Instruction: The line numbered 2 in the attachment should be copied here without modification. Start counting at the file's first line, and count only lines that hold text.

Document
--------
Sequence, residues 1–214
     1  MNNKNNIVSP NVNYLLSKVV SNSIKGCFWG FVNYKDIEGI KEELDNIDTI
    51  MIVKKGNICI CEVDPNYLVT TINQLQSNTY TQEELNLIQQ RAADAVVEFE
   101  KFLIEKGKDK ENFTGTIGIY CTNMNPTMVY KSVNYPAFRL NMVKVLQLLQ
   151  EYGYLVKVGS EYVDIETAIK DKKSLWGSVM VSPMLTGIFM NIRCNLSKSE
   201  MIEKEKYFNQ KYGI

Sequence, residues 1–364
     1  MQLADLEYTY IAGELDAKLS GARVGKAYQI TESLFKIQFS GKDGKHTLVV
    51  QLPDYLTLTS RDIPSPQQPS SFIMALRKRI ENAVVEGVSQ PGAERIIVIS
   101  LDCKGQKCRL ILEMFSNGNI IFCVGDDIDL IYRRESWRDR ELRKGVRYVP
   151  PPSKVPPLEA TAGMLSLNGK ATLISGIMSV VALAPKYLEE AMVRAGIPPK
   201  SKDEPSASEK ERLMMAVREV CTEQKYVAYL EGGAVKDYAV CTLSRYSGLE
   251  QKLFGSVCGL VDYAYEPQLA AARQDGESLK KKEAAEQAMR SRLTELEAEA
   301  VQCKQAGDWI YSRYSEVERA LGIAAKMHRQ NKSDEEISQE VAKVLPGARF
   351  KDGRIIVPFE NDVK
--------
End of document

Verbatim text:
     1  MNNKNNIVSP NVNYLLSKVV SNSIKGCFWG FVNYKDIEGI KEELDNIDTI